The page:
After harvest, most nuts are dried – not only to enhance the flavor and add a crunchy texture but also to preserve them. This is what we know as the raw core. From there, the nut trade began: shelled or not, salted or unsalted, roasted, sprouted, candied, seasoned, packaged or in bulk. But what happens to their nutritional content when nuts are processed?
Raw or unroasted nuts.
Contrary to popular belief, raw nuts aren't just picked from trees and sold on grocery store shelves. As mentioned earlier, most nuts are dried to preserve them and improve their taste and texture. These are raw peanuts. While raw nuts are highly nutritious and contain no added fat, they are often soft and tasteless.
If you want to buy shelled cinnamon pecan nuts, then you can check out the various online sources.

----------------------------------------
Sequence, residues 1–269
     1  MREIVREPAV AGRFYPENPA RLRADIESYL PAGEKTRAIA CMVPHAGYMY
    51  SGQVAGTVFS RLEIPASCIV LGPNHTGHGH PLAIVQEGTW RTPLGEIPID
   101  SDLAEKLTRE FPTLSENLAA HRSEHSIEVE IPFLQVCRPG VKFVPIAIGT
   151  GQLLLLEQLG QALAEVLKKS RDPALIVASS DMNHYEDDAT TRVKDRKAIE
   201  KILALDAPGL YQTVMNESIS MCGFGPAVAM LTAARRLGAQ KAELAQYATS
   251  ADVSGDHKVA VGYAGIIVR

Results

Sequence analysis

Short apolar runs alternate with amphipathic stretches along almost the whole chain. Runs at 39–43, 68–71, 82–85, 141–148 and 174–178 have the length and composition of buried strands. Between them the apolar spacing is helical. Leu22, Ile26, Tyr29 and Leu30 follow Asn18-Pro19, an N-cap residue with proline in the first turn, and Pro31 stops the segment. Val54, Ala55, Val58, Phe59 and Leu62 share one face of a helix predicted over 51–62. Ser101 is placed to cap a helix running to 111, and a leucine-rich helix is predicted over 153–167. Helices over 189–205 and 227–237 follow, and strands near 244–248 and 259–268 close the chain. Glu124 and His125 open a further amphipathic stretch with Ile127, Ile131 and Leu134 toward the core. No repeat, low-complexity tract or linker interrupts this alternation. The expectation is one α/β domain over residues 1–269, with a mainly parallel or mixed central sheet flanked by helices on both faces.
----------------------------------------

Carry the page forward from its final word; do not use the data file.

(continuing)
Raw nuts also contain enzyme inhibitors that prevent seeds from germinating too early and dying. It also helps maintain appearance. But these enzyme inhibitors, when introduced into the body, actually neutralize the enzymes your body uses to control inflammation and aid digestion.
In fact, eating nuts with this enzyme inhibitor can cause the pancreas to swell. There are only two ways to destroy this enzyme inhibitor:
-Roasting, which also destroys enzymes,
-Germination keeps the beneficial enzymes intact.
While roasted nuts have a much more artificial taste than raw nuts, they do have a few distinct drawbacks:
-Harder to digest
-Lack of nutritional value.